Tuesday night, before I went to bed, I tucked myself under the covers and Googled, “how to dress for a court summons.”
Dress like you would for a job interview.
Don’t wear sweatpants or shorts.
Men, you should wear a tie.
Ladies, slacks are a good option.
In ten hours, on Wednesday morning, I was to report to my hearing, face the judge, and pay a fine. I needed to know how to look the part of a criminal looking for leniency.
Wednesday morning’s INSANE sunrise. It made me hopeful for the rest of the day.
I dreaded this day for a month, but I couldn’t wait to be done with it.
The thing is, I’m pretty emotional; I’m a feeler and I can’t help it. The bigger the thing the more emotion…and this thing was/is gigantic. But as I pulled up to the Westminster Municipal Court building in Westminster, CO, a meh town that sits almost equally between Louisville and Denver, I cut the engine, let out the breath I’d held in the past 30 days and decided to take the emotion out of everything that came after getting out of my car and locking the door behind me.
No emotion as I walked into the building which was painted a depressing shade of dirty grey or as I passed through the metal detector. I made sure not to touch anything, either. It felt like I’d leave a piece of myself there if I did, and I wanted to walk out of that place feeling whole.
No emotion as I got signed into the system and waited in the drab lobby with my fellow criminals, all facing varying degrees of charges against them.
No emotion as I was read my rights and asked to sign several legalese documents.
And no emotion even when I whispered “guilty” into the microphone to the judge when asked how I plea to the charges against me.
“Guilty, your honor.”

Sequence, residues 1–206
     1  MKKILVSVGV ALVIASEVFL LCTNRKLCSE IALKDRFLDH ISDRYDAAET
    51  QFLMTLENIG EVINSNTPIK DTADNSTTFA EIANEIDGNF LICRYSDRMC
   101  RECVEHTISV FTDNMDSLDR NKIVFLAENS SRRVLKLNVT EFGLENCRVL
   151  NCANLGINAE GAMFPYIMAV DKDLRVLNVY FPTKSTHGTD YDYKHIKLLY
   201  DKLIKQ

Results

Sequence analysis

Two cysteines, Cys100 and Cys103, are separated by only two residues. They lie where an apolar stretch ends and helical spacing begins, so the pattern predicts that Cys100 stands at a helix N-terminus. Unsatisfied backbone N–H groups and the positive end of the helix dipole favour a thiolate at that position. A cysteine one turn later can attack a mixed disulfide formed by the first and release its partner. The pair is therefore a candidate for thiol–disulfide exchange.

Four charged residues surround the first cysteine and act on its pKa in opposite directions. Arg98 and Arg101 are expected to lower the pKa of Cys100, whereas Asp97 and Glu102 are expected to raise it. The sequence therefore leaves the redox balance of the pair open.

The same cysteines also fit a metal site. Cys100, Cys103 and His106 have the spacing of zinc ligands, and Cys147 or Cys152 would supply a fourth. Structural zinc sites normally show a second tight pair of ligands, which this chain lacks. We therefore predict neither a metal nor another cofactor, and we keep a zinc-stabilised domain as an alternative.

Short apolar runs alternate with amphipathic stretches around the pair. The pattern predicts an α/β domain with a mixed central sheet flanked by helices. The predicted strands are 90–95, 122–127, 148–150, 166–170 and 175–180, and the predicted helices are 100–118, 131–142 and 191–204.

I’ve never been guilty of anything like this. Never been guilty of speeding. Never guilty of changing lanes unsafely (the woman’s charge sitting next to me). And I’ve never been found guilty of driving recklessly on the highway (the gentleman’s charge to my right). But here I was admitting to a crime.
The judge asked us all the same questions.
“Are you under the influence of alcohol, drugs, or medication that would prevent you from making decisions or answering questions?”
“I see here you <<insert violation here>>”
“Can you tell me what happened?”
One woman brought up the fact that her sister had committed suicide the morning of her traffic violation, and that that was the reason she wasn’t thinking clearly or driving safely.
Another woman was hysterical. She hit a pedestrian in a walkway while making a left turn at an intersection and was inconsolable on the stand as she walked the judge through what happened and how ‘not a day goes by that she doesn’t think about the incident.’ Sounds familiar…
My answers were short, sweet, and almost inaudible (the judge asked me to speak up several times) because, frankly, I wanted to get the hell out of there. But I didn’t waver and I didn’t cry. I don’t think I smiled, but I am pretty sure I bowed a little when the judge offered to knock off two points and lower the fine.
I received my fine and walked into the hallway where you must pay before you can leave the building like some effed up amusement park ride where you’re forced to buy the picture whether you like it or not. My $500 fine was reduced to just $150. Some violations cost upwards of $2500. What happens if you can’t pay that then and there? I didn’t stick around to ask.
With receipt in hand, which I crumpled up immediately after exiting the building, I opened the doors and let the sunshine and chilly air hit my face. Is this what inmates feel like when they are released from prison?
I got into my car and locked the door. Then I let myself be emotional for a second. I ran through what had just happened and all I could think about was this new smudge on my squeaky clean driving record. Total bummer.
And if you’re wondering…HELL TO THE NAH I DID NOT WEAR SLACKS.
Push on, PUSH ANIMALS >>>